30. The wreck commissioner, justices, or other authority holding a formal investigation into a shipping casualty, shall hold the same with the assistance of an assessor or assessors of nautical engineering or other special skill or knowledge, to be appointed by the commissioner, justices, or authority out of a list of persons for the time being approved for the purpose by a Secretary of State.

The commissioner, justices, or authority when of opinion that the investigation is likely to involve the cancellation or suspension of the certificate of a master or mate, shall, where practicable, appoint a person having experience in the merchant service to be one of the assessors.

Each assessor shall either sign the report made on the investigation, or report to the Board of Trade his reasons for his dissent therefrom.

The Lord High Chancellor of Great Britain may from time to time, with the consent of the Treasury so far as relates to fees, make, and when made revoke, alter, and add to general rules for

carrying into effect the enactments relating to formal investigations into shipping casualties, and in particular with respect to the summoning of assessors, the procedure, the parties, the persons allowed to appear, the notice to such parties and persons or to persons affected, and the amount and application of fees.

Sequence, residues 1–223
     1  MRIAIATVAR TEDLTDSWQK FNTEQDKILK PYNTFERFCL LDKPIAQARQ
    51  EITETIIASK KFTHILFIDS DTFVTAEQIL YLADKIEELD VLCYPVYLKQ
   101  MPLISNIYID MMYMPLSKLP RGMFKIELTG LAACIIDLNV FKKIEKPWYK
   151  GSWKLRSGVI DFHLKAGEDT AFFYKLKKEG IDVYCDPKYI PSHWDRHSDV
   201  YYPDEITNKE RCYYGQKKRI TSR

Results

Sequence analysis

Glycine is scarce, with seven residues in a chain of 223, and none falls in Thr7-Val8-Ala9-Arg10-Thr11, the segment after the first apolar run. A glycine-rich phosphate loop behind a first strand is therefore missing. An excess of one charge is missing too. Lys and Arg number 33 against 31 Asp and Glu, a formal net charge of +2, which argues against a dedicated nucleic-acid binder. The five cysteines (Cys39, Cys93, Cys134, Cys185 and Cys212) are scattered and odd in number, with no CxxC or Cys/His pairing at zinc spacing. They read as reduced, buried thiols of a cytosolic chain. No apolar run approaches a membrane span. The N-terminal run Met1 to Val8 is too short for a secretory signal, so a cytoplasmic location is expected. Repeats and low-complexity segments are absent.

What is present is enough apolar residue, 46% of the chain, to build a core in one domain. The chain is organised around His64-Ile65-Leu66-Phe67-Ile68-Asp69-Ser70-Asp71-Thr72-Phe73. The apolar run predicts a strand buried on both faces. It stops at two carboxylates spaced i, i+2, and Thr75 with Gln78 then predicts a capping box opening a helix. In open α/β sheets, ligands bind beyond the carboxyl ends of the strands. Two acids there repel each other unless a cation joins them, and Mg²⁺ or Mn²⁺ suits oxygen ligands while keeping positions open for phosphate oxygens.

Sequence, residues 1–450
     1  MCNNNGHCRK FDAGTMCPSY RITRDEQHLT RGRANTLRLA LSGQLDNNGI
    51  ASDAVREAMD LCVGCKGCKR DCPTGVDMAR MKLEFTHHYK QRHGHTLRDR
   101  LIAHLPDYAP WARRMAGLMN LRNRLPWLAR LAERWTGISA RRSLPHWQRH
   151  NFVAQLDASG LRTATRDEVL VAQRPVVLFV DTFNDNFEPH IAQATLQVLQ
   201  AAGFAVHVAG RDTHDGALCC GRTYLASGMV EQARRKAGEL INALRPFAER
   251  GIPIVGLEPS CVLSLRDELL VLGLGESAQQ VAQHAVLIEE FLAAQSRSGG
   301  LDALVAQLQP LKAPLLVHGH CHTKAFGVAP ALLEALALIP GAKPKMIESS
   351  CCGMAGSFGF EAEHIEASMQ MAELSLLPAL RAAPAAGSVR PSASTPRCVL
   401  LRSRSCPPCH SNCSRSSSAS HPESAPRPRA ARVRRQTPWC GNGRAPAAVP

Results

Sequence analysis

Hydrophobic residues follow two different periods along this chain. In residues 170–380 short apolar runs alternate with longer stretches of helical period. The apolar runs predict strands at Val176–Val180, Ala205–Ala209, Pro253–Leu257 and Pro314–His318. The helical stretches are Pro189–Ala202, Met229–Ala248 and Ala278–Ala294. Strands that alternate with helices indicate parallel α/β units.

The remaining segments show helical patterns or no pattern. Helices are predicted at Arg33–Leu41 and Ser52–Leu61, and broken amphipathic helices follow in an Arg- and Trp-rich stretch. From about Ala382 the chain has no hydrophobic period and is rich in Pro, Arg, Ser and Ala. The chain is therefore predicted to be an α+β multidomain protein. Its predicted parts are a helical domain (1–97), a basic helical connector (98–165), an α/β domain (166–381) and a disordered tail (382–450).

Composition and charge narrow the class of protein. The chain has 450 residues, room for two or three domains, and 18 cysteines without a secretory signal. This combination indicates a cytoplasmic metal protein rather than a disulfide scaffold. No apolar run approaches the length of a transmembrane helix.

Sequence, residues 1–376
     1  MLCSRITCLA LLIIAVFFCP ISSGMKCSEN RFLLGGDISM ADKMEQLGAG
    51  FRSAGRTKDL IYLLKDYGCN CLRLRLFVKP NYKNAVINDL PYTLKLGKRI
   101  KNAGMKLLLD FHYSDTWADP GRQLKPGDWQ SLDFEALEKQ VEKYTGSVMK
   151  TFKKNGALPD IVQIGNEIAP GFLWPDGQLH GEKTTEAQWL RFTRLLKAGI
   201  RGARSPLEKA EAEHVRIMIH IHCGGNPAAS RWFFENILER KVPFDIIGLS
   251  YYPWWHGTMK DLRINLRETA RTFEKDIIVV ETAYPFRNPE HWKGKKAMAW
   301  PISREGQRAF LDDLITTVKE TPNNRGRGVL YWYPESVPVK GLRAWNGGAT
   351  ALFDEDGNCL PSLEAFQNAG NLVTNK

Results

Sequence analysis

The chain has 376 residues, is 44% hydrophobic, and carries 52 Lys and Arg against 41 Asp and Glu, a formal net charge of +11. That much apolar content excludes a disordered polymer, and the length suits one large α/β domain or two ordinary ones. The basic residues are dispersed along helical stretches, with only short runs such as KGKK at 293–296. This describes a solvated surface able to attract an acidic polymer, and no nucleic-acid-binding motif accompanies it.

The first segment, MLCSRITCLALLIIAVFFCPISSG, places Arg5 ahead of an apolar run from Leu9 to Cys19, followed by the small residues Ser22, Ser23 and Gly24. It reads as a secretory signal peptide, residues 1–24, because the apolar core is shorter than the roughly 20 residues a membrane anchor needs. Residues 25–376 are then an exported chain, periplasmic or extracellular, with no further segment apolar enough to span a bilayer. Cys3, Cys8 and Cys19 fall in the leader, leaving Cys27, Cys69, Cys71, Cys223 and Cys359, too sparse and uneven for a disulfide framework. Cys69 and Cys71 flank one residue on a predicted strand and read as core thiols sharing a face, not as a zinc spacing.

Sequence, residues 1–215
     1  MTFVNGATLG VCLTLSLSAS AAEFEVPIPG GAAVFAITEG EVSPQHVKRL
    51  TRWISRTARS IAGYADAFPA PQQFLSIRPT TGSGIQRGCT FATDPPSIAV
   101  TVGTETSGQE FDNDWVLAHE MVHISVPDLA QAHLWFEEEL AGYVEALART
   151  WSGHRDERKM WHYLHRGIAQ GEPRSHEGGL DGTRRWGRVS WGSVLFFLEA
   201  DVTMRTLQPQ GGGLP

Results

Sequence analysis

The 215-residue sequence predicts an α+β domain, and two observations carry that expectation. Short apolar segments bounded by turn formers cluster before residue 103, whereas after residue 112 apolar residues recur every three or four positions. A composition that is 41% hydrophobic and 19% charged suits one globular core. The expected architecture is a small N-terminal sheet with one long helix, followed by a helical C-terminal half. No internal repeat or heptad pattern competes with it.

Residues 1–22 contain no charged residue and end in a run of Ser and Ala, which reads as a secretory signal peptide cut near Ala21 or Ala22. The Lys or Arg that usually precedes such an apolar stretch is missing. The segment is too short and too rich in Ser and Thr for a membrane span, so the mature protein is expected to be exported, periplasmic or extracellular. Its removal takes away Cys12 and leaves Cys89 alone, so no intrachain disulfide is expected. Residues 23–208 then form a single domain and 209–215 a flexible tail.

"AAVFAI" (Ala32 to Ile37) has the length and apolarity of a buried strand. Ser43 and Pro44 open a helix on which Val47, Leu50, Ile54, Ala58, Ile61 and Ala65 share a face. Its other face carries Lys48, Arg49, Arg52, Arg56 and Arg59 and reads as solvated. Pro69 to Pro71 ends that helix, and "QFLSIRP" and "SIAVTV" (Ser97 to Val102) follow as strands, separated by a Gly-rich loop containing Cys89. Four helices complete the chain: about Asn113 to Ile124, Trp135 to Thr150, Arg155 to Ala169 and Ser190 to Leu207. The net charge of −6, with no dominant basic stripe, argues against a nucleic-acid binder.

All such rules, while in force, shall have effect as if enacted in this Act.

Every formal investigation into a shipping casualty shall be conducted in such manner that if a charge is made against any person that person shall have an opportunity of making a defence.

31. A wreck commissioner may, at the request of the Board of Trade, by himself, or by some deputy approved by the Board of Trade, institute the same examination as a receiver of wreck under section 448 of "The Merchant Shipping Act, 1854," and shall for that purpose have the powers by that section conferred on a receiver of wreck.

32. In the following cases

(1.) Whenever any ship on or near the coasts of the United Kingdom, or any British ship elsewhere, has been stranded or damaged, and any witness is found at any place in the United Kingdom, or

(2.) Whenever a British ship has been lost, or is supposed to have been lost, and any evidence can be obtained in the United Kingdom as to the circumstances under which she proceeded to sea or was last heard of,

the Board of Trade (without prejudice to any other powers) may, if they think fit, cause an inquiry to be made or formal investigation to be held, and all the provisions of "The Merchant Shipping Acts, 1854 to 1876," shall apply to any such inquiry or investigation as if it had been made or held under the eighth part of "The Merchant Shipping Act, 1854."

33. A formal investigation into a shipping casualty may be held at any place appointed in that behalf by the Board of Trade, and all enactments relating to the authority holding the investigation shall, for the purpose of the investigation, have effect as if the place so appointed were a place appointed for the exercise of the ordinary jurisdiction of that authority.

Miscellaneous.

34. Where under "The Merchant Shipping Acts, 1854 to 1876," or any of them, a ship is authorized or ordered to be detained, any commissioned officer on full pay in the naval or military service of Her Majesty, or any officer of the Board of Trade or Customs, or any British Consular Officer may detain the ship, and if the ship after such detention, or after service on the master of any notice of